Sunday, September 11, 2005

Review: The War at Home

Fox's new Sunday programming thankfully includes another season of Arrested Development, the brightest show on basic cable by far. Not as thankfully, it also includes a brand new program that, by my estimation, will last a total of 6 episodes before it's cancelled. It goes by the name The War at Home.

Reason #1 that I chose to watch this already critically-panned show is its star, Michael Rappaport. Michael, although an enjoyable actor to watch, has not found a niche in the television industry. His notable turn as a teacher on Boston Public, another Fox show, was cut short due to the cancellation of the program. His hysterical apperances as Phoebe's boyfriend Gary on Friends, a Las F favorite, ended when she broke up with him. It's difficult to understand why he has not found a vehicle that lasts, but it may be because the actors the network chose to pair him with were just not believable in any way. I was about 3 minutes into the opening monologue when I noticed that there was - shudder - a laugh track. Folks, I don't think I need to tell you that the laugh track is dead and gone forever as a useful tool. It's firstly insulting because the producers assume you won't know when to laugh. Producers, take it from me - I'll laugh when it's appropriate, and no canned laughter will change that. I am not easily duped. Secondly, it's obvious that it's not real laughing. Don't assume your show sucks right off the bat - give it a chance.

Now, there were a few things that I liked about the show. It employs the aside-as-cutaway method to break the fourth wall, but instead of only the main character getting to do it, all of the characters do, even cameos by family members you never see again. It's an interesting perspective. I didn't like how ignorant Michael's character was in regard to stereotypes of race, sexuality and social pigeonholing. It just doesn't portray a good image - the father is often disgusted by people and ideas that are different, and rather than learning from his experiences and growing, he remains as ignorant the entire time. While I admire trying to bring back the classic Archie Bunker character, it's widely known that, in today's day and age, he would not survive. It's still a sore spot. So, this show will die, and some good ideas (and another Rappaport vehicle) will go down with the ship. It happens all the time.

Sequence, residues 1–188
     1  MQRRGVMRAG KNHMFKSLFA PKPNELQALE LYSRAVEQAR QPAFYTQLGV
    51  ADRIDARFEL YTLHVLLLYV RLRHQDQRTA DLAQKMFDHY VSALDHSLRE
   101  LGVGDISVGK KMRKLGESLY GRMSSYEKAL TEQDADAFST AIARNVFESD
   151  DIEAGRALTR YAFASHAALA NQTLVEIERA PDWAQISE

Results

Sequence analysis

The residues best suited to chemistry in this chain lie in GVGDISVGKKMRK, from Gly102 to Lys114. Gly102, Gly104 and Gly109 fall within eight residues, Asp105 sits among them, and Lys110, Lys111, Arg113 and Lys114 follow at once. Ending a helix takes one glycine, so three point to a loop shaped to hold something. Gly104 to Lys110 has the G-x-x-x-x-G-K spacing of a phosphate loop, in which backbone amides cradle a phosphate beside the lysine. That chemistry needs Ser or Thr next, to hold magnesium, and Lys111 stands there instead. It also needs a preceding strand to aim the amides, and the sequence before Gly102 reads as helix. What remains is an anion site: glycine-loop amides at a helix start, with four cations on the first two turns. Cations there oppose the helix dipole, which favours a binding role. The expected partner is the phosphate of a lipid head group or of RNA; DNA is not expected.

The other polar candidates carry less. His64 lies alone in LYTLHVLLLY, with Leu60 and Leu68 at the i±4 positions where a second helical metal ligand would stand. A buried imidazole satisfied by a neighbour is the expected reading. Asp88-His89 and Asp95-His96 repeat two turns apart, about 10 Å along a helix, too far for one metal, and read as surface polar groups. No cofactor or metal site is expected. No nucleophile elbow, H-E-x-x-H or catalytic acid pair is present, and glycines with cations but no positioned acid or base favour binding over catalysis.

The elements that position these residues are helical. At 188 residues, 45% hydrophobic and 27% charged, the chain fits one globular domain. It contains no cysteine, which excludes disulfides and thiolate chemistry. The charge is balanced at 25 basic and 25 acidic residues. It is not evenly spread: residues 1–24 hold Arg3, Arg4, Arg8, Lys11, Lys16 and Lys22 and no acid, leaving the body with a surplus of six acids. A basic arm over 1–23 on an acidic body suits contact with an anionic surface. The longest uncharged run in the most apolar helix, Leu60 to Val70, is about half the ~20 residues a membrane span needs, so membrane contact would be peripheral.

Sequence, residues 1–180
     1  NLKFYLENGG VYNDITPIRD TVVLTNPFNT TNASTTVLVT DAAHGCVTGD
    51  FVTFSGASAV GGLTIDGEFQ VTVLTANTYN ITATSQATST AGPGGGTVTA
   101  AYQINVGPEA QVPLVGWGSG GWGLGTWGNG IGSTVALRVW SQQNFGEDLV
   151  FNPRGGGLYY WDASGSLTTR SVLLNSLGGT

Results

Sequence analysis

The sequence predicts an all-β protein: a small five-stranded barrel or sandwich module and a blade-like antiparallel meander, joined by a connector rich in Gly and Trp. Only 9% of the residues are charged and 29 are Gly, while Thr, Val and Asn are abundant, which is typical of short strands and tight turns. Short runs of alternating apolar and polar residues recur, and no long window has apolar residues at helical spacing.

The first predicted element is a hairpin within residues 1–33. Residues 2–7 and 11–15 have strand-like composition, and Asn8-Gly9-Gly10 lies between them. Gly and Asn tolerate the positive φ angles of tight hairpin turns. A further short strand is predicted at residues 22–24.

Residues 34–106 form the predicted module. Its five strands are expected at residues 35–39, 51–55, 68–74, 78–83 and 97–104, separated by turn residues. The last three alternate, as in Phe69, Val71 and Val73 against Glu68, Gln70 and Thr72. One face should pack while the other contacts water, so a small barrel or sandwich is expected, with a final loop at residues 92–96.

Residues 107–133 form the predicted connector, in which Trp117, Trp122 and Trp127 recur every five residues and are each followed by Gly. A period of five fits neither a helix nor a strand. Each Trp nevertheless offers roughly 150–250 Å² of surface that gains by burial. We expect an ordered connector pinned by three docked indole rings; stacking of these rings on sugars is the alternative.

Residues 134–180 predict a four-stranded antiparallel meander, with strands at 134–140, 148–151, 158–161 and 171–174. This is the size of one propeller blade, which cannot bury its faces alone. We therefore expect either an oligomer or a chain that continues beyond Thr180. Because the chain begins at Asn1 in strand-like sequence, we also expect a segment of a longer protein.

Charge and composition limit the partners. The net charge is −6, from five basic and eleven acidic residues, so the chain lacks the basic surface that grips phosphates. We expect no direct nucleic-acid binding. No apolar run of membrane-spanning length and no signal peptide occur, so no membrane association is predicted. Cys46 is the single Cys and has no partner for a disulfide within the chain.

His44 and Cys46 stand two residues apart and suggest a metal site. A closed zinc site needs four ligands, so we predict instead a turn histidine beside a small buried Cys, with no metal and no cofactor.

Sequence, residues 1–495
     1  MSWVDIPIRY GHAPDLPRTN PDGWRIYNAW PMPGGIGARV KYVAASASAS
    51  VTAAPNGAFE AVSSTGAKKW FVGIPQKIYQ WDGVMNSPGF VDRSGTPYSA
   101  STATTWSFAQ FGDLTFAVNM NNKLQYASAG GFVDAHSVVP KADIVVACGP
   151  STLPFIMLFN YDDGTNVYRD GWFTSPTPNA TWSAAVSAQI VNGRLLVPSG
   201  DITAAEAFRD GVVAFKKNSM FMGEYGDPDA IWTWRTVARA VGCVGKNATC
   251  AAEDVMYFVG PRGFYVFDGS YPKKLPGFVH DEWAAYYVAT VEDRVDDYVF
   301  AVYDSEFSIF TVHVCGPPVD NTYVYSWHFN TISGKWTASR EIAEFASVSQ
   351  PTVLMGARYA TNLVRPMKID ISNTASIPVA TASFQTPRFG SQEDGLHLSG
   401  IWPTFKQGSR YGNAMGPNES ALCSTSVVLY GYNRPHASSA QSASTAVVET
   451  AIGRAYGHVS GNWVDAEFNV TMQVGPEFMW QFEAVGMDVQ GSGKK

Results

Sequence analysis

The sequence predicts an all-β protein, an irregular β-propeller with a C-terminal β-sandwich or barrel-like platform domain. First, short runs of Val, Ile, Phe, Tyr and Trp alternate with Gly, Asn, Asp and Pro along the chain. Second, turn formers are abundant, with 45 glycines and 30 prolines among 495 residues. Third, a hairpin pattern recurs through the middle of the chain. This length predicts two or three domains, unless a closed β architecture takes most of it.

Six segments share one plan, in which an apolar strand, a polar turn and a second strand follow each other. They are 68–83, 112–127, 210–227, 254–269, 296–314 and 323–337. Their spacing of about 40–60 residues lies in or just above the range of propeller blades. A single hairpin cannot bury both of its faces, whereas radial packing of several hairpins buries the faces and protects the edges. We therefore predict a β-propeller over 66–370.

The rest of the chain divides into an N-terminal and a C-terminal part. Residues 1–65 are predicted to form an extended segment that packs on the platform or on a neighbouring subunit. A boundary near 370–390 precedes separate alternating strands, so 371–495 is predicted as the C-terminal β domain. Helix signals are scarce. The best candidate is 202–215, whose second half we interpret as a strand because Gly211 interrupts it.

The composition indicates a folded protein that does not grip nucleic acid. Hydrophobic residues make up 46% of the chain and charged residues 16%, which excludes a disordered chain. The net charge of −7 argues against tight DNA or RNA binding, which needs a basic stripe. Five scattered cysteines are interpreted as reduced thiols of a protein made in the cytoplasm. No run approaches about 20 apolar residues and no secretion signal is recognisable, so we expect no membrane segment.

By the way, I truly resent that the show is one episode old and it already has a fan club. Are these people at Fox serious? I think what's going on here is a pre-emptive strike against cancellation. Arrested Development was kept on the air by the astute grassroots protest of its fans. Perhaps Fox thinks it will be able to gauge precisely how popular the show is by how many people sign up for the fan club. How ostentatious.